THE WHITE HOUSE
Office of the Press Secretary
For Immediate Release
July 15, 1998
STATEMENT BY THE PRESIDENT
Today, my Administration released an important report card on our
nation's children, "America's Children: Key National Indicators of
Well-Being." Last year, I called for this yearly report to provide
the American people with a portrait of our children in critical areas such
as health, education, and economic security.
ON THE RELEASE OF
"AMERICA'S CHILDREN: KEY NATIONAL INDICATORS OF WELL-BEING"
In this second annual report, we find much to be grateful for --
infant mortality is at an all-time low; the number of children with
high blood lead levels, which can cause IQ or behavioral problems, has
declined dramatically; more toddlers are up-to-date on their
immunizations; more children are entering preschool, improving in
math, and moving on to graduate from college; teen pregnancy has decreased;
and a majority of parents are reporting that their children are in
very good or excellent health. These strides reflect strategic investments
in our nation's children, which have always been central to my agenda
to prepare America for the twenty-first Century.
The report released today also demonstrates that we must now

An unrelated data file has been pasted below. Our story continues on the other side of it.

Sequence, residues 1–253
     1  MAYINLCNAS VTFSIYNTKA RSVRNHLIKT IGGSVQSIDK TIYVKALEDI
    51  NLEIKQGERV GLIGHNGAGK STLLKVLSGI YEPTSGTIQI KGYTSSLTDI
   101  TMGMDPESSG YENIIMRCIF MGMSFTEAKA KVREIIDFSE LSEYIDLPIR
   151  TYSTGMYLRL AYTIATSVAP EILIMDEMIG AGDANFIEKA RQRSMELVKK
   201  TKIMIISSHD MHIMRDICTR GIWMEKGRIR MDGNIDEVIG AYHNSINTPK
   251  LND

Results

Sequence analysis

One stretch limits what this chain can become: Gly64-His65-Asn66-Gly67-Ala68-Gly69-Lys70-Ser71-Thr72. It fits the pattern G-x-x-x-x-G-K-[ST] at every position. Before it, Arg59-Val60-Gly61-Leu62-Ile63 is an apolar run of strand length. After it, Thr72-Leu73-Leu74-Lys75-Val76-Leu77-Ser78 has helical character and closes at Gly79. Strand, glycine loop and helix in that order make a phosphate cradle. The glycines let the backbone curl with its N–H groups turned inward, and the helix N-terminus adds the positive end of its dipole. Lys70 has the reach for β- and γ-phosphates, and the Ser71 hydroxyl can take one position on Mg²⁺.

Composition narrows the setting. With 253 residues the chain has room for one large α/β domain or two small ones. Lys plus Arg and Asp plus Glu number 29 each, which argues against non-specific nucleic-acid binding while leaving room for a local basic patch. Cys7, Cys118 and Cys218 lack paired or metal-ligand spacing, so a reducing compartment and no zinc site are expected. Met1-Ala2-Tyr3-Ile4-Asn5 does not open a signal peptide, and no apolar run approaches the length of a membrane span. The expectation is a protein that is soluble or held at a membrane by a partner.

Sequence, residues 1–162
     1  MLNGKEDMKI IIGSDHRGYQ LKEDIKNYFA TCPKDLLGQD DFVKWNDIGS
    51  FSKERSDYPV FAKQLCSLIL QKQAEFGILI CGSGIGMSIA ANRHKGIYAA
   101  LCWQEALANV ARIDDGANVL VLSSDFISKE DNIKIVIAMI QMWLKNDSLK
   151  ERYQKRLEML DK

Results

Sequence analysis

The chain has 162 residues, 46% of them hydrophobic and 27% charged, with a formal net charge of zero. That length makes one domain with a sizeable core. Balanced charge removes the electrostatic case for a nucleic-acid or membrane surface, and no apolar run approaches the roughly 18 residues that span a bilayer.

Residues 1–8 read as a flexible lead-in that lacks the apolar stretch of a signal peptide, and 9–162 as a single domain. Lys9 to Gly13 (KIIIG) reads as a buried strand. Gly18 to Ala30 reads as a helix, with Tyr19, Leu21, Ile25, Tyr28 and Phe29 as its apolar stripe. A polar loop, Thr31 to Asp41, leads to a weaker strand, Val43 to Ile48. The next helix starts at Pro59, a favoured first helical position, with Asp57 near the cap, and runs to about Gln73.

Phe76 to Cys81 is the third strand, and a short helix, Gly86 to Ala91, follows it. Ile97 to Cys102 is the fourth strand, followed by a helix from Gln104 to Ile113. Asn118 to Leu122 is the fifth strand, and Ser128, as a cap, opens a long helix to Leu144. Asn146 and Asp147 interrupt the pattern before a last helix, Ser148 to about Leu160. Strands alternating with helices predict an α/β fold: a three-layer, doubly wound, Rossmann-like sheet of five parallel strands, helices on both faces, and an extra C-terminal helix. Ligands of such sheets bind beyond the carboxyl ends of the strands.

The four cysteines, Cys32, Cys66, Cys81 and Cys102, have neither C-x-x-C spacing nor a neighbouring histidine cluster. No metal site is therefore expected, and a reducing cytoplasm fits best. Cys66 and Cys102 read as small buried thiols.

commit ourselves to making further progress for our children. Unfortunately,
substance abuse and cigarette smoking among children are at
unacceptable levels; reading scores are stagnant; and too many of our nation's
children live in poverty.
We have demonstrated that we can work on a bipartisan basis to
address the challenges our children face. That's why, as I said
yesterday, I am extremely disappointed that some in Congress have
taken actions that threaten to undermine the important progress we have made
by failing to provide critical investments for our young people. Our
children deserve progress, not partisanship. As we pause to consider
this report card on our children, I urge Members of Congress to work
together to build a stronger future for our nation's children.
Note: This report mentioned in this release is a result of a joint
NPR/Domestic Policy Council recommendation that we should have an annual
report on the well being of children similar to the report of economic
indicators on the well being of the economy.